Studium anglistiky na KAA UPOL

Thomas, Edward. (1878 - 1917).

L i f e

- enlisted in WW I, killed in action

W o r k

- editor of 16 anthologies and other editions, author of 30 prose books on nature, of reviews and critical writing, and of poetry

- form: plain diction, style, and rhythm 

- subject: celebration of southern England and its seasons

- intensifies his awareness of the beauty of the natural world by a sense of impending loss and the certainty of death

- acutely observes the suffering occasioned by war, perceives death as the ultimate destroyer of the already violent co-operation of man and nature


- an occasional poem of natural observation

- evokes a disappearing England through which he passes as a traveller

“As the Team’s Head-Brass”:

- develops a sporadic conversation on the war between a ploughman and his team at work x the narrator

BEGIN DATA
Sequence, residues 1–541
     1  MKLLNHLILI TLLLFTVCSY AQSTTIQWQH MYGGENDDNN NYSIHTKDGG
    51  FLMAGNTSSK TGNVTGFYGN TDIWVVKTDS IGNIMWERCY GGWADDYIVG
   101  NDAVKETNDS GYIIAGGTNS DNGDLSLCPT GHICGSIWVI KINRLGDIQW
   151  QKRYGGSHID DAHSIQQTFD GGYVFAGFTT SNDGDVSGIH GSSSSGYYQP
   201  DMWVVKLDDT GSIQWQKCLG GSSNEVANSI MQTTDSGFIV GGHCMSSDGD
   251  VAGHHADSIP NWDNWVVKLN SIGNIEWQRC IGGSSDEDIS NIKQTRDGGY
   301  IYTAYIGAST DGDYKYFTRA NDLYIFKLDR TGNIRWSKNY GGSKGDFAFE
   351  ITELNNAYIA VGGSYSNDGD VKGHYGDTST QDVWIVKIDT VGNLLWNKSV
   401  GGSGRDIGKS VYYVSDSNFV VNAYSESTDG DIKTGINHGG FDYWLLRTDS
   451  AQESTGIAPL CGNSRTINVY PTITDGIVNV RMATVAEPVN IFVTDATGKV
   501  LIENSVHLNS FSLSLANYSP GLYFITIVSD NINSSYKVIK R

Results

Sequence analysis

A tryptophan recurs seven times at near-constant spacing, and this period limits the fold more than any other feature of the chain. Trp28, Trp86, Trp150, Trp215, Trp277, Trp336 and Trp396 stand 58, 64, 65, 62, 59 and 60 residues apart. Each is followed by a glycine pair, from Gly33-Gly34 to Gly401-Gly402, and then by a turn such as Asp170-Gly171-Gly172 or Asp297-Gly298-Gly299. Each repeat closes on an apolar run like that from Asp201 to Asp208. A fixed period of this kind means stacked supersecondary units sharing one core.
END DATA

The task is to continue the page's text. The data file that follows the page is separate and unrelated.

- interrupted each time the ploughman returns to his work, and the war, somewhere over a horizon, suggests more drastic breakings

“Lights Out”:

- translates the military command into a journey through a dark wood

- the unnatural silence of the wood reinforces the sense of being lost


"Yes. I remember Adlestrop-- / The name, because one afternoon / Of heat the express-train drew up there / Unwontedly. It was late June."

The opening of "Adlestrop" (1917).


(Photo: World War Pictures).

  • Author

    Philip Edward Thomas. (1878 - 1917). British.
  • Work

    Poet. Prose writer. Critic. Editor. Author of "Adlestrop" (1917).
  • Genres

    War poetry. Nature poetry. Non-fiction.


Abrams, Meyer Howard, ed. The Norton Anthology of English Literature. New York: W. W. Norton, 1993.

Barnard, Robert. Stručné dějiny anglické literatury. Praha: Brána, 1997.

Baugh, Albert C. ed. A Literary History of England. London: Routledge & Kegan Paul, 1967.

Coote, Stephen. The Penguin Short History of English Literature. London: Penguin, 1993.

Sampson, George. The Concise Cambridge History of English Literature. Cambridge: Cambridge University Press, 1946.

Sanders, Andrew. The Short Oxford History of English Literature. New York: Clarendon Press, 1994.


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